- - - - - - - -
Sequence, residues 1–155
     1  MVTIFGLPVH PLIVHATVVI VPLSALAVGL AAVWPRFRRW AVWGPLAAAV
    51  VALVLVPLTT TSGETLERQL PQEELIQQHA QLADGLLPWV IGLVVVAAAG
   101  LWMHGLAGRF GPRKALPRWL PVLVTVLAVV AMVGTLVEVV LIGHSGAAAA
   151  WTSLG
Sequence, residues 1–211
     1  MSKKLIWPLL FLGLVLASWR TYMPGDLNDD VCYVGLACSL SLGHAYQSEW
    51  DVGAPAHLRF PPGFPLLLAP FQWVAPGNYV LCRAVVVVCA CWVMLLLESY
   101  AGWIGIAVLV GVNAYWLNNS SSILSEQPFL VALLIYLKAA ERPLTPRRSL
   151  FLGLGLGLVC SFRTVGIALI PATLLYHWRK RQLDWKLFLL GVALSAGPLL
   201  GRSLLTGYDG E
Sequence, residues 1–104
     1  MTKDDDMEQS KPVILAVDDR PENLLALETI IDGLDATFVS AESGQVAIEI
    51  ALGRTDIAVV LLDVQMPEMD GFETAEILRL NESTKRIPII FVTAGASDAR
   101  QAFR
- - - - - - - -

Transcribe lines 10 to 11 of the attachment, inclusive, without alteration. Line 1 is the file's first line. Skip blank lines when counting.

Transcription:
   151  FLGLGLGLVC SFRTVGIALI PATLLYHWRK RQLDWKLFLL GVALSAGPLL
   201  GRSLLTGYDG E